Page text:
If you’re like me (and many of my clients), you’re often so tired (or pressed for time) by the time your workout’s over that you bypass the stretching corner of the gym in your rush to reach the shower (and get on with your over-full day).
While regular stretching should be a part of everybody’s exercise routine, mid-life exercisers may benefit more than most by spending a little more post-workout time on their mat.
Along with muscle loss, weight gain, declining metabolism and lower bone density, the aging process also bestows upon us the gift of reduced flexibility. Our muscles are no longer able to fully lengthen and thus, prevent our joints from moving through their full range of motion.
In addition to its positive effects on posture, athletic performance, economy of movement, injury prevention and post-workout soreness, maintaining flexibility may also improve short-term memory (a challenge for many perimenopausal women…) and decrease the risk of heart disease and stroke (flexibility training reduces arterial stiffness).
Not to mention the deep relaxation that can occur when you still your mind and body.
The most common muscle groups that need attention in mid-life are:
- pectorals (in concert with the anterior deltoids): frequent keyboarding and texting keep our head, shoulders and chest tilted forward and down.
- hip flexors: ‘sitting disease’ leaves the hip flexors in a constant, shortened state.
- neck and top of the shoulders: many of us carry stress along the sides of our n
- lower back: again, constant sitting prevents us from engaging our core and maintaining a neutral pelvic tilt.
Essential stretches for mid-life exercisers:
All of the stretches below use a stability ball as a prop. Not only is the ball useful for providing support for poses that you can’t quite get into, it’s also a useful tight-muscle-prophylactic. Use it instead of a desk chair to promote proper posture and you’re less likely to suffer from a tight chest and lower back to begin with!
Always perform static stretches after your muscles have been warmed up, either at the end of your workout, or after a hot bath or shower.
Hold stretches for approximately 30 s. When you begin a stretch, you’ll feel your body resist. Heed this message. Relax for a moment before trying to intensify the stretch. Stretches should never be painful or ballistic (bouncing) in nature. If you’re extremely tight, repeat each stretch a second time, always after allowing your muscles to relax first.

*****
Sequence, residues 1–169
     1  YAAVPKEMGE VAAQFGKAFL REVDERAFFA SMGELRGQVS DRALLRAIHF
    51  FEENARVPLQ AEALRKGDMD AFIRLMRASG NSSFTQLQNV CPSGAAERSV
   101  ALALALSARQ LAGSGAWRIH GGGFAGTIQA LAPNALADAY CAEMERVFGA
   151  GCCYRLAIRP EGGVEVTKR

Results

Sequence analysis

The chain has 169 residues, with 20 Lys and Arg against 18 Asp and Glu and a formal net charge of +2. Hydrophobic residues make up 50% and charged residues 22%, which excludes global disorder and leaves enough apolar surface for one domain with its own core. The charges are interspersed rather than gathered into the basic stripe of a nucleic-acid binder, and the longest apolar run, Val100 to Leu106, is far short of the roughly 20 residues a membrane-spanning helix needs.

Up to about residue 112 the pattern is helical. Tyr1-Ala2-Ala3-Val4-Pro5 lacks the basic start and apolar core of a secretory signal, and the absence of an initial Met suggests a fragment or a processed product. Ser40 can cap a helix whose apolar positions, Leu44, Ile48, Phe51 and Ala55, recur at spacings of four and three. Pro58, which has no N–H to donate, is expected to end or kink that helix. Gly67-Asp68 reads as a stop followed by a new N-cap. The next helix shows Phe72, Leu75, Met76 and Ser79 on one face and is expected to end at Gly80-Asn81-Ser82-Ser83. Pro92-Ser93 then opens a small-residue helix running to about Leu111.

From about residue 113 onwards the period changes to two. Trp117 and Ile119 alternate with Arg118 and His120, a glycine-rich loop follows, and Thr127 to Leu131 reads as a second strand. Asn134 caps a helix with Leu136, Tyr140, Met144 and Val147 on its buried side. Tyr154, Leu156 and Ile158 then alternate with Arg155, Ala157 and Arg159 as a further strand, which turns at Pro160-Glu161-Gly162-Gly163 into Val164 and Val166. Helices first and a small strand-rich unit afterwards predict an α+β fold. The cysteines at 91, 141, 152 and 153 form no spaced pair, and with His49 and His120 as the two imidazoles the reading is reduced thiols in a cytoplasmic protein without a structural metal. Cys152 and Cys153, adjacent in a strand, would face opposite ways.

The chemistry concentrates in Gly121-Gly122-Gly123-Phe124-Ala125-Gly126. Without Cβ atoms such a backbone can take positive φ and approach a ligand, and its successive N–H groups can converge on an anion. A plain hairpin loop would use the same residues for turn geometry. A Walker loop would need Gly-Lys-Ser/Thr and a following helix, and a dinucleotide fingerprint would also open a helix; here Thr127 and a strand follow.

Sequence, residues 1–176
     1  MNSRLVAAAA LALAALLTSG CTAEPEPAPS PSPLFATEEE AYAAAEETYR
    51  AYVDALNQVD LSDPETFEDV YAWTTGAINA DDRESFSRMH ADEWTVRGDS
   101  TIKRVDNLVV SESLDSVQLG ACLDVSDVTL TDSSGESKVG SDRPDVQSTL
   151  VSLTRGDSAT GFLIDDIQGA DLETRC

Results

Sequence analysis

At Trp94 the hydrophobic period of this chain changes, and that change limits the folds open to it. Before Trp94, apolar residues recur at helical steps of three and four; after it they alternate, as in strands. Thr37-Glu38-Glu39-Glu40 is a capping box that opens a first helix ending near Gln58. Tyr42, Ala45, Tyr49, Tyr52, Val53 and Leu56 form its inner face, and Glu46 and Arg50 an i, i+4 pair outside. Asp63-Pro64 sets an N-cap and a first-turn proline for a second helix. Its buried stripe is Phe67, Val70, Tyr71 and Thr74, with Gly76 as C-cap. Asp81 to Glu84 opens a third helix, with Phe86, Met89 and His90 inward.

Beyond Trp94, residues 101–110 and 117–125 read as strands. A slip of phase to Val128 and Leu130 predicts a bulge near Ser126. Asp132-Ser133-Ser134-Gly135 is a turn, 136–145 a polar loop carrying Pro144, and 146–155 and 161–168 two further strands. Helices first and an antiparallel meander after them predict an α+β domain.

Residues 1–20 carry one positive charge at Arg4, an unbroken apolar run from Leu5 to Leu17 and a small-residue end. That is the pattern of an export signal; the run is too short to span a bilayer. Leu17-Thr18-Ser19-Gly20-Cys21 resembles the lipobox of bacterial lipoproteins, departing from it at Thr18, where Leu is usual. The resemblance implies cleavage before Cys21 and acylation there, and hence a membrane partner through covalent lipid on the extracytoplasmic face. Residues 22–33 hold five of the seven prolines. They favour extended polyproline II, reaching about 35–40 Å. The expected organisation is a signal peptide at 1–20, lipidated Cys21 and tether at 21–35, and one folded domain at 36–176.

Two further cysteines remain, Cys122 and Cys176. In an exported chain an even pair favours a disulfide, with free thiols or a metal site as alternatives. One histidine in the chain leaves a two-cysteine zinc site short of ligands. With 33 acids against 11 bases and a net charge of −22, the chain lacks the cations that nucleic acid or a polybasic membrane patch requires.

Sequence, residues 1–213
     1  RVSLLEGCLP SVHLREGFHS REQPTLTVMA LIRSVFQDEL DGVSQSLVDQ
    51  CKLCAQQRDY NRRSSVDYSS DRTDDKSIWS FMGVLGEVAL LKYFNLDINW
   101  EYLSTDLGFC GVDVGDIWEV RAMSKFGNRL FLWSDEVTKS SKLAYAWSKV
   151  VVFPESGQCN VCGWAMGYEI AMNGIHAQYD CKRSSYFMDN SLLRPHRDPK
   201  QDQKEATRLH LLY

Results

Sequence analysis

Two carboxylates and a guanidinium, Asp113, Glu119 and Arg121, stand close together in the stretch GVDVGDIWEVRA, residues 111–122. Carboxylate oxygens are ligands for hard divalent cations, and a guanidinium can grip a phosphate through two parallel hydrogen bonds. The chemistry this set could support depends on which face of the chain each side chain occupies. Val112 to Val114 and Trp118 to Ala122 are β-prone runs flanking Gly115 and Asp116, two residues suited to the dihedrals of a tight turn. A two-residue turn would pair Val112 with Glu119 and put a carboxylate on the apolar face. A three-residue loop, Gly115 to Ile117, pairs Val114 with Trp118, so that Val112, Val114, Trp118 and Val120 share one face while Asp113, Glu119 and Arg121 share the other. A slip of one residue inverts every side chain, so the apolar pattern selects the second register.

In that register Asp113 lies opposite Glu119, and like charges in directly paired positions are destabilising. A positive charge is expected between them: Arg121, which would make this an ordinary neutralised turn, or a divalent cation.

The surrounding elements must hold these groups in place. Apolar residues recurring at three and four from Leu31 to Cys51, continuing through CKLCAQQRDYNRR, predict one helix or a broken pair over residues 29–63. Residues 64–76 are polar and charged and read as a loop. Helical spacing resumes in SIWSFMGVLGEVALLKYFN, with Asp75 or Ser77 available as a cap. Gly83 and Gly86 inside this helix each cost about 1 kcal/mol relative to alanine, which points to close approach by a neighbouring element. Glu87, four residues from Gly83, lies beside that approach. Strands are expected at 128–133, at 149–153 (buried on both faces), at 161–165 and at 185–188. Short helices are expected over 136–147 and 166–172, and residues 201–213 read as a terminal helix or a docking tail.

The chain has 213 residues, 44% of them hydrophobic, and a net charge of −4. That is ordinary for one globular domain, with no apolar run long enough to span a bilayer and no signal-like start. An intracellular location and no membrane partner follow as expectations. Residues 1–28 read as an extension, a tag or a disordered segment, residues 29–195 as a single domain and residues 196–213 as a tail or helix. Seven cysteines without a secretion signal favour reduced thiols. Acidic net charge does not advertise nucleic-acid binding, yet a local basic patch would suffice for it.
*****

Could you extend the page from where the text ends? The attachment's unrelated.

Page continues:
- Supine hamstring stretch. Start by laying face-up on a mat, both feet on the stability ball. Extend one leg straight up towards the ceiling. Flex the foot and use your hands to pull the leg towards your torso. In order to maximize the benefit of this stretch, focus on keeping the knee as straight as possible (without locking it). Repeat on the other leg.
- Passive chest stretch. Start by sitting on the ball. Walk your legs away from you until your head and shoulders are resting on the ball. Extend arms and legs, forming the letter ‘T’ with your body. Drop you head back and feel the opening in your chest and front of the shoulders. If you’re worried about falling off the ball, increase your base of support by taking a slightly wider stance with your legs.
- Supported hip flexor stretch. Start by kneeling on a mat directly behind your stability ball. Step forward with one foot such that your front knee is bent at an approximately 90 degree angle. Using the ball for support, shift your weight forward, opening up the front of the hip on the back leg. Make sure that your hips are ‘squared’; both should face forward. Repeat on the other leg.
- Seated head tilt. Start by sitting tall on the ball. Shoulders should be back and down with abdominals engaged. Feet can be placed as wide as necessary to promote balance. Hands will be placed at your sides. Tilt your right ear down towards your right shoulder. Turn your head slightly to look at your right knee. Keeping your left arm straight and your palm turned down, lift your arm until you feel the muscles along the left side of your neck and top of the shoulder lengthen. If you feel any tingling in your fingers, lower the arm slightly. Hold and repeat on the other side.
- Child’s pose. Start by kneeling on the mat with the stability ball in front of you. Drop your bum down until it’s resting on your heels (or as close as you can get). Place your hands on the top of the ball, palms down. Move the ball away from your body and lower your head between your straightened arms. Feel the release of tension in the low back, as well as the back of the shoulders and the sides of the body.
Need more stretching ideas?
Here’s a video-guided stretch (for those needing some soothing verbal cueing…)
And some specific stretches for those who sit (or knit) a lot!